How farm couples can stay happy working together
As reducing the spread of COVID-19 has closed offices and workers are set-up at home, people are now experiencing something many farmers already do – work alongside a spouse. But farmers, just like everyone else, can easily overlook marital health, which may need some maintenance.
“One thing we don’t list on our balance sheet is health and the health of our relationships,” says Sean Brotherson, a professor and extension family science specialist from North Dakota State University. “It’s a low-cost but high-value priority.”
If a relationship turns sour, there’s a significant risk of a negative impact on the success of your farm business. However, the average couple waits six years before seeking counselling, says Merel Voth, a British Columbia counsellor and partner in a goat dairy with her husband, Barrie.
“Couples might want to check the status of their marital relationship daily, just as they do with farm stats like on a large dairy,” Voth says. “Others make it work doing it less frequently.”
Voth also suggests couples discuss their marriage by performing a SWOT analysis that assesses strengths, weaknesses, opportunities and threats.
- What are the strengths and weaknesses of the marriage?
- What do we hope for in the coming year from the marriage or see as opportunities?
- Can threats be identified, and how can they be minimized?
Sources of stress
Brotherson says farmers tend to live in a culture of independence, especially when farms have unexpected, outside risks like new pests, trade matters and disease. Or, the current uncertainty brought on by the COVID-19 pandemic. Stress can also come from operating a legacy business, with years of family ownership riding on the current generation.
Signs of relationship stress include picking fights, a lack of satisfaction and communication difficulties.
“A producer’s identity is frequently wrapped up in the farm,” Brotherson says, motivated by an innate need to farm.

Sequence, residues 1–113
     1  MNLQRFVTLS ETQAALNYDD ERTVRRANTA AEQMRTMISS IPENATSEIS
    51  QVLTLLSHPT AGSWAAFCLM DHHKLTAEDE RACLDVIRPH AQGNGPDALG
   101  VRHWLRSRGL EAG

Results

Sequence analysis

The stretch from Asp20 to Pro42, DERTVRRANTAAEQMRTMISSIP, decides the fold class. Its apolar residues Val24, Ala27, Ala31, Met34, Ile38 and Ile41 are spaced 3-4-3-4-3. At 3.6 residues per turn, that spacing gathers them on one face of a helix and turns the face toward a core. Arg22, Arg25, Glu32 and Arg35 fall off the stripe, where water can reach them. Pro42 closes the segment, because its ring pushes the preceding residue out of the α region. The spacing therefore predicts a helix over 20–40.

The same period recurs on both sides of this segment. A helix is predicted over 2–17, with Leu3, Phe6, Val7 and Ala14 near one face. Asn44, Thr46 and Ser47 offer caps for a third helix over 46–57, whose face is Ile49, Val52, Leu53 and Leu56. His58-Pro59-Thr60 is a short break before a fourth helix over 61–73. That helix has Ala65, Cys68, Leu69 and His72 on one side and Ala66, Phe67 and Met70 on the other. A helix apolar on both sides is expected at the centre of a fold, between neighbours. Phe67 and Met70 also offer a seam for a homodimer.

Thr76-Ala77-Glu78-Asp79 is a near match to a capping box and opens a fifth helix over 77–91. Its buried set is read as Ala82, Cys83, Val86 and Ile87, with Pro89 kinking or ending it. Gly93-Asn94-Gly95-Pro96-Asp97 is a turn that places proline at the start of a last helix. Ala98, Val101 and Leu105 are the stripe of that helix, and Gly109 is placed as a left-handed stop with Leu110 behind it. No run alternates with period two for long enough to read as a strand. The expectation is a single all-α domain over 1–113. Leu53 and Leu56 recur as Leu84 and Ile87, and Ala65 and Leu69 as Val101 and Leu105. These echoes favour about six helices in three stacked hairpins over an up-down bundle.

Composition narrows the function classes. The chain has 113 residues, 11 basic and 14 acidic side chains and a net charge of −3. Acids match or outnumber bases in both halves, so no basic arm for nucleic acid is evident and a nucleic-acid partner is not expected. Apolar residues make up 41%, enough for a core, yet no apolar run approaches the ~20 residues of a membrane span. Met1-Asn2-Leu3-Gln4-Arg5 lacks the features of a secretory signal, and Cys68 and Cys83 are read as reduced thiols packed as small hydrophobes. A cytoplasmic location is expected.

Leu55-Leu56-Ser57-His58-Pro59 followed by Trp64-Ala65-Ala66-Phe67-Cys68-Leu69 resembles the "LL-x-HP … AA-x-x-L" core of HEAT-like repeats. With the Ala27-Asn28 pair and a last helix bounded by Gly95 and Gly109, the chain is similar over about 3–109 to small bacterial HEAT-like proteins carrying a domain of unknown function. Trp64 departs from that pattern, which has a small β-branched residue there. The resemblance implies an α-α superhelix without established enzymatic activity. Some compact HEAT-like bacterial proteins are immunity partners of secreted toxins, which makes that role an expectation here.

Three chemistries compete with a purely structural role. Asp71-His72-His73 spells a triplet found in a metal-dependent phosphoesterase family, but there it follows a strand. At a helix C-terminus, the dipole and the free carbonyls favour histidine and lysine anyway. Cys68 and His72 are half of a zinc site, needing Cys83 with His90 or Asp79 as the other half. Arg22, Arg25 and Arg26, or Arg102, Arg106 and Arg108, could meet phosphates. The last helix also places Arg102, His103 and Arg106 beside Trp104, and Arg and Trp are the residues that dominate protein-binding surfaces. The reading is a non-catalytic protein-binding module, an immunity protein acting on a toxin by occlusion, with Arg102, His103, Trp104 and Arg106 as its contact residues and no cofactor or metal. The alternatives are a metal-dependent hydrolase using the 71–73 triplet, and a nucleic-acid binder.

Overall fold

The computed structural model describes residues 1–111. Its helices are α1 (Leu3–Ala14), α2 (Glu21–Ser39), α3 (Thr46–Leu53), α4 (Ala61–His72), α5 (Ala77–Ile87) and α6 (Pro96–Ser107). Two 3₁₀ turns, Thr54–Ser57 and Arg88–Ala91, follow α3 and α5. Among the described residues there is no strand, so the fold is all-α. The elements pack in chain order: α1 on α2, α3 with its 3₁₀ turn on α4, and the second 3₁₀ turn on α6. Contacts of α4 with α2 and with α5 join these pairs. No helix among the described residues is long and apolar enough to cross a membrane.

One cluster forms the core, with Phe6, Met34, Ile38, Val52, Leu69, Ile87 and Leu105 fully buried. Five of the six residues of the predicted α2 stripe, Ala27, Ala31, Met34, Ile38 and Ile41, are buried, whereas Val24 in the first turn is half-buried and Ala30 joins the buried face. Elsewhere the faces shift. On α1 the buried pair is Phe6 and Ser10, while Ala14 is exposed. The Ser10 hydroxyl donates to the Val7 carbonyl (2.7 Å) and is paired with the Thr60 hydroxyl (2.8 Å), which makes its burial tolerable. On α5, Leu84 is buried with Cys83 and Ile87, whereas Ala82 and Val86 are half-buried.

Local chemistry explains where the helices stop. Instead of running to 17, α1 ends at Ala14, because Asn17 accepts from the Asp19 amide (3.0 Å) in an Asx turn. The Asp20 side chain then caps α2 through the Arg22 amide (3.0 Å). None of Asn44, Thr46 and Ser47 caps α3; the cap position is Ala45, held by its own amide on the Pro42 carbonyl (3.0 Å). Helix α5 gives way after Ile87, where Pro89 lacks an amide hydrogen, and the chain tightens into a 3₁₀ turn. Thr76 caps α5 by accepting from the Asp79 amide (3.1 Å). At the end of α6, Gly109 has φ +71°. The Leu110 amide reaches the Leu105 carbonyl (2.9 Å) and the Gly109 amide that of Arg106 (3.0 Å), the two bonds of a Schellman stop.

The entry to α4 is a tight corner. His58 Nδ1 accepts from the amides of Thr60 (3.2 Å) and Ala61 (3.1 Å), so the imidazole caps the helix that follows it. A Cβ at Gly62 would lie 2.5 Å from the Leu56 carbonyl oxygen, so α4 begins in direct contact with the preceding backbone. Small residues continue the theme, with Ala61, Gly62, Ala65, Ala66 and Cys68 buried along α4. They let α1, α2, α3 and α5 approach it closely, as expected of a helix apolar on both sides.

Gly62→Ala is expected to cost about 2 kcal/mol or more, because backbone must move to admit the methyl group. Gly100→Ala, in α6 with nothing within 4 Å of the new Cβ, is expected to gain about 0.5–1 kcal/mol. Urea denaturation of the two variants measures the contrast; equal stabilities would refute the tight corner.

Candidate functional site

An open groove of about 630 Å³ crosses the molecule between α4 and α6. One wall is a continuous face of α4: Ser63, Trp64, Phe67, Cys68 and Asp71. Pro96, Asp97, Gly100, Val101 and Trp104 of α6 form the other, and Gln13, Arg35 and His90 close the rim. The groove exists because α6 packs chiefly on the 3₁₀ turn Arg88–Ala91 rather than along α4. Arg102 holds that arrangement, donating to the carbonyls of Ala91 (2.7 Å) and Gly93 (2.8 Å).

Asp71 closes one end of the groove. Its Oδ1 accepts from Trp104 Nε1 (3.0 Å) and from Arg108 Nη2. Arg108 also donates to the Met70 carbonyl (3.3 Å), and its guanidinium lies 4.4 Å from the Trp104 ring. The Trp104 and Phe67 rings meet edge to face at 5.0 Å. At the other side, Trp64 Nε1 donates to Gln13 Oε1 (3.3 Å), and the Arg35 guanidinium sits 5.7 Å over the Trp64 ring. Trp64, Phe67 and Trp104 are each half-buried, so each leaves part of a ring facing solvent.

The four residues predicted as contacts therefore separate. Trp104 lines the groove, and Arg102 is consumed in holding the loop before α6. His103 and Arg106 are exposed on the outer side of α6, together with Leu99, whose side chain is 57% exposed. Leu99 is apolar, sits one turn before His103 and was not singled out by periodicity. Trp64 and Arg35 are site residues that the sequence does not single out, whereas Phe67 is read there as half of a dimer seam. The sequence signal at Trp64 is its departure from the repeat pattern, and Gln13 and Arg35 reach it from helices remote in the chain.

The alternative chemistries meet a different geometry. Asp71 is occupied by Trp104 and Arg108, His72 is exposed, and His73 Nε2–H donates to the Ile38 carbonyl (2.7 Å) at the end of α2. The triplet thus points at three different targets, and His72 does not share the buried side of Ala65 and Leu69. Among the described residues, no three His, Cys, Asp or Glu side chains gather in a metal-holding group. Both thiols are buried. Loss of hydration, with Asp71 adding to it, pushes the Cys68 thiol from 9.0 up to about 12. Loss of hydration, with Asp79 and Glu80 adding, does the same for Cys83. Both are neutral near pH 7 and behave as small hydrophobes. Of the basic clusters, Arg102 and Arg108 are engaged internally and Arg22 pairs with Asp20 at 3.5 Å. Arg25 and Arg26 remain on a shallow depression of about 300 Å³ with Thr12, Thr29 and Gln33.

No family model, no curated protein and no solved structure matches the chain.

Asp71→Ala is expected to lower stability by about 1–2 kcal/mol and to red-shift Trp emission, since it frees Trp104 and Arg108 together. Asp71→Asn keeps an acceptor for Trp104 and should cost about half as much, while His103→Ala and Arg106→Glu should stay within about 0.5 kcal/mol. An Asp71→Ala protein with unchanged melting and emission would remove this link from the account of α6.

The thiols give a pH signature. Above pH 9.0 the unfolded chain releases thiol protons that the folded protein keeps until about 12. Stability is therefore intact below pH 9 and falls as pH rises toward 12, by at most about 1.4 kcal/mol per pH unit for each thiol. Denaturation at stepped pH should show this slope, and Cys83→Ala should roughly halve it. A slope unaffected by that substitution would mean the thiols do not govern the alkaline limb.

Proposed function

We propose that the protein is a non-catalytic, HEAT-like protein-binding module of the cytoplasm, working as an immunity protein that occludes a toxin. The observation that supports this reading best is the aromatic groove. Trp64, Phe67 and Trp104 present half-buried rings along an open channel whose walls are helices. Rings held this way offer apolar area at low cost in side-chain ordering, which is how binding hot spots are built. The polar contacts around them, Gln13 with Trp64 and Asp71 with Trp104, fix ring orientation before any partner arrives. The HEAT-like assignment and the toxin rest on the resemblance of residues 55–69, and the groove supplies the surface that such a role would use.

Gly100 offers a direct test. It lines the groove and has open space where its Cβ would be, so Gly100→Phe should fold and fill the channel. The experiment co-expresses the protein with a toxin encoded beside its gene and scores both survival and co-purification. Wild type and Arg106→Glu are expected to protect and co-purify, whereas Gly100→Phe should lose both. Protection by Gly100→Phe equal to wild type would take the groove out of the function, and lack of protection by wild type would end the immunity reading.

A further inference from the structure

Signs of relationship stress to watch for include picking fights, a lack of satisfaction and communication difficulties.
Get in touch with your partner
Voth points out that in a new relationship, there’s a whole process of building a connection by learning about the other person. As a long-time couple, spending hours working together doesn’t necessarily amount to a meaningful connection.
It’s easy to take knowing a partner for granted, she says. When discussions that happen in a new relationship stop, like sharing intimate pieces of information, it’s much easier to lose the sense of connection.
“Often, couples need to learn how to seek each other’s perspective, asking for what they need in a way that their partner can hear their request without feeling defensive,” says Voth.
She often sees busy couples withdraw from the relationship, creating a risk of fading friendship and love.
Manage conflict rather than resolve it
Voth says research states 69% of most relationship conflict is about perpetual issues never resolved.
She recommends framing these discussions with a partner with a fill-in-the-blank pattern: I feel (blank). I need (blank) by (blank).
For example, use:
I feel frustrated. I want to look at our farm budget monthly instead of occasionally, and I need that to start next week.
As opposed to:
I feel like you’re never willing to talk about our finances.
Framing the beginning of a discussion in that model will likely make the other person feel less defensive and lead to more successful communication, she says.
Focus on the positive
Voth recommends building a culture of appreciation. Keep the partner’s positive qualities in mind and find gratitude for their upbeat actions.
For example, recognize they always put on the morning coffee, rather than focus on them never making the bed.
“Take into account how you talk to your spouse,” says Julie Walkinshaw, a B.C.-based relationship specialist.
Always having the last word or winning discussions may feel good, but isn’t good for the relationship, she says.
Instead, work at conversations where partners paraphrase each other’s comments to check understanding. “I heard you say... is that what you meant?”
Walkinshaw adds that statements that begin with the words, “I feel” are best because it gives a window into the soul and heart of the speaker, and no one can argue with that.
A healthy relationship should be a low-cost but high-value priority in a farm business, especially when working side-by-side as a couple every day. Experts recommend doing a SWOT analysis to start talking about relationships. Also, watching for signs of stress like picking fights, lack of satisfaction and communication difficulties. Build a culture of appreciation and continue to keep communication flowing.
Article by: Myrna Stark Leader